Abstract

Drilling, evaluating and completing two wells at angles in excess of 70 degrees required planning to account for the reduced along hole component of gravitational force. Drilling assemblies and their build up characteristics were affected and friction forces experienced by surveying and electic logging tools and perforating guns necessitated the use of the pump down technique. An S shaped hole allowed free fall below the shoe of the pump down string. The high angle adversely affected bore hole stability requiring higher mud weights to hold back the hole and hole condition was found to be more sensitive to changes in mud properties and to mud quality. A production test procedure and completion string were compiled and procedure and completion string were compiled and designed, neither of which made use of gravitational forces for wireline tool operation below 4,000 ft.

Introduction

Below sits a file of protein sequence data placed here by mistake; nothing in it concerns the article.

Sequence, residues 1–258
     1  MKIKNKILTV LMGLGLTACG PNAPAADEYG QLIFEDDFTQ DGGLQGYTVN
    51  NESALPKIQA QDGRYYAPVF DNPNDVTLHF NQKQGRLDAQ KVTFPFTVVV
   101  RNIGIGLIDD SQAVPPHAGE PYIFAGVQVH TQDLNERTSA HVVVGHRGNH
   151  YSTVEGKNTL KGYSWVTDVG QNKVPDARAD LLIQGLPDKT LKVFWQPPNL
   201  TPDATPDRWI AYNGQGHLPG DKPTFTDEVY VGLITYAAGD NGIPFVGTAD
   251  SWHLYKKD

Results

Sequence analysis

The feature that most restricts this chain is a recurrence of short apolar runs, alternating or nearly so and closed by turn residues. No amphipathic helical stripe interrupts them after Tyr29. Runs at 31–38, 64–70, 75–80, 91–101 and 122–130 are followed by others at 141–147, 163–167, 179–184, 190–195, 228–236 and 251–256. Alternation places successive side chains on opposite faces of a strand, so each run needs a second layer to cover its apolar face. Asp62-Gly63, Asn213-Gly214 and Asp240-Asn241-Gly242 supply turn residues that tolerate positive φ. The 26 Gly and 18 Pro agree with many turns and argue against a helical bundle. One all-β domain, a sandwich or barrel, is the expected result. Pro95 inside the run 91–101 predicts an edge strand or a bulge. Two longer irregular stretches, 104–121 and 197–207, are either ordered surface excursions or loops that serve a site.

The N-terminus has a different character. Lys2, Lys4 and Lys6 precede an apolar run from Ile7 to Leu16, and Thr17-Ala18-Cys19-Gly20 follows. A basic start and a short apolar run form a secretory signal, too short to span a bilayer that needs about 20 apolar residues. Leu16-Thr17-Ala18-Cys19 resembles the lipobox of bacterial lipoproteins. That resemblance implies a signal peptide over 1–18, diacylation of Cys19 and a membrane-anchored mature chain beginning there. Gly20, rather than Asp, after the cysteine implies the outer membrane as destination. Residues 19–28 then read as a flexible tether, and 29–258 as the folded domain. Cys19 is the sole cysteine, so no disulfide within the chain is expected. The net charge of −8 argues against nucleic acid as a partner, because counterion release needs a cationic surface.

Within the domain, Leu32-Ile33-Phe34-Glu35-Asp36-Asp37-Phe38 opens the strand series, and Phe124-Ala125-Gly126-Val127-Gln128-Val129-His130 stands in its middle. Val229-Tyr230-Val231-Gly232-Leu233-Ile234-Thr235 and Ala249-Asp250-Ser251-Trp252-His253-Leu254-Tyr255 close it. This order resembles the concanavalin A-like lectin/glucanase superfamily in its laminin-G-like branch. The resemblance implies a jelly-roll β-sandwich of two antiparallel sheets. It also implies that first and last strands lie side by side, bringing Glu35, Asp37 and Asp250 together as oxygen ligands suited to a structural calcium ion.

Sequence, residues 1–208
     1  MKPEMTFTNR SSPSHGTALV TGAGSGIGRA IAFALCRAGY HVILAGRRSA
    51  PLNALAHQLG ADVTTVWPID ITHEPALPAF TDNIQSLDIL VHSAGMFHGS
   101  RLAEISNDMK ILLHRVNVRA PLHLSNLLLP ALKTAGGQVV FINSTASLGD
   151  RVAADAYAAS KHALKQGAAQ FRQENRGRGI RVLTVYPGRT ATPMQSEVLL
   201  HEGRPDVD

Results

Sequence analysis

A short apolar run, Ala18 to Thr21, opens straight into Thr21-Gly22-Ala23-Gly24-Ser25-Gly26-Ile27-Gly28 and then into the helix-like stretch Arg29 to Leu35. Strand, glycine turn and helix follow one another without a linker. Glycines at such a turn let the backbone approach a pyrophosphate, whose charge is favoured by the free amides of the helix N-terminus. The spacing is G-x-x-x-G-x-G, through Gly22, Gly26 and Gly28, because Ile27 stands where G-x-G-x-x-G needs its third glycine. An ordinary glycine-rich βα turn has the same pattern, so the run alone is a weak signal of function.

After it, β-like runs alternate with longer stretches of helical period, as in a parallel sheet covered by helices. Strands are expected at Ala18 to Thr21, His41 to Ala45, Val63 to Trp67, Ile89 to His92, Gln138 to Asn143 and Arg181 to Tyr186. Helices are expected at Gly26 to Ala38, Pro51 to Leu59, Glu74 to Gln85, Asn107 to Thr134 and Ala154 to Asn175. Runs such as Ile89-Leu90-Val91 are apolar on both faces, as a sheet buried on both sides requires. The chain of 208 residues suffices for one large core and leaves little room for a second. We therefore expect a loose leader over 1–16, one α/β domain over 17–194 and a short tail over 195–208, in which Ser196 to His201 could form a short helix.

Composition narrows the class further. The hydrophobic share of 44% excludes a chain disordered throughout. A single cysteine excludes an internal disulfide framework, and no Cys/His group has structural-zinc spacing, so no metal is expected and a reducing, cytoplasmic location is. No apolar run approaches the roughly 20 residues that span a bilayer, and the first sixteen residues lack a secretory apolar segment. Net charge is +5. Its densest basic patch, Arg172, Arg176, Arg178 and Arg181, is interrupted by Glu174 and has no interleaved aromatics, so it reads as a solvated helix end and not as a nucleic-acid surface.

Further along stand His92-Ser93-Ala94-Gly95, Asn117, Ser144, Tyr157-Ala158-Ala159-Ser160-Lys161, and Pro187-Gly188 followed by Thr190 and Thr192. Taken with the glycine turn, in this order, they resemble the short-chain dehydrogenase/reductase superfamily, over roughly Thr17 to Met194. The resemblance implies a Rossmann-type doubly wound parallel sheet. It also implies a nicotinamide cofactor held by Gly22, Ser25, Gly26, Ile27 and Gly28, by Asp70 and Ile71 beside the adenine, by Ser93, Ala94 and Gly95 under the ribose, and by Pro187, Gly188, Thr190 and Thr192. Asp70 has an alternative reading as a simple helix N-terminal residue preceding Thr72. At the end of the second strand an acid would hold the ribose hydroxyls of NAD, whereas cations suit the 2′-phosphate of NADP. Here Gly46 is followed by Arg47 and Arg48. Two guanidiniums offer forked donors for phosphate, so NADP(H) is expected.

In order to reach areas of the Aukfield not falling within the existing drainage pattern, Shell Expro embarked upon the drilling of 2 highly deviated offshore wells. A-03 and A-09, with a view to completion as single string oil producers. Auk-A is a small 12 slot steel platform located producers. Auk-A is a small 12 slot steel platform located in 280 ft of water in the central North Sea. Eight wells had then been drilled into various areas of the reservoir. The central North Sea Lithology is well known for its high content of both mud making and dispersible clays above 7,000 ft requiring a mud weight of some 12.5 pounds per gallon (ppg). Below 7,000 ft in the fractured pounds per gallon (ppg). Below 7,000 ft in the fractured Cretaceous and Permian evaporites (Fig. 1), losses had been experienced with mud weights in excess of 10.5 ppg necessitating the setting of a string of intermediate casing. In previous wells where the angles were less than 60 degrees it was possible to drill for and set 9 5/8 in. casing in the top chalk. However, with the long tangent sections in A-03/ A-09, the 9 5/8 in. was required higher necessitating a 7 in. liner in its place and a 4 1/2 in. liner across the reservoir section of Zechstein chalk and Rotliegend sandstone (Fig. 2).

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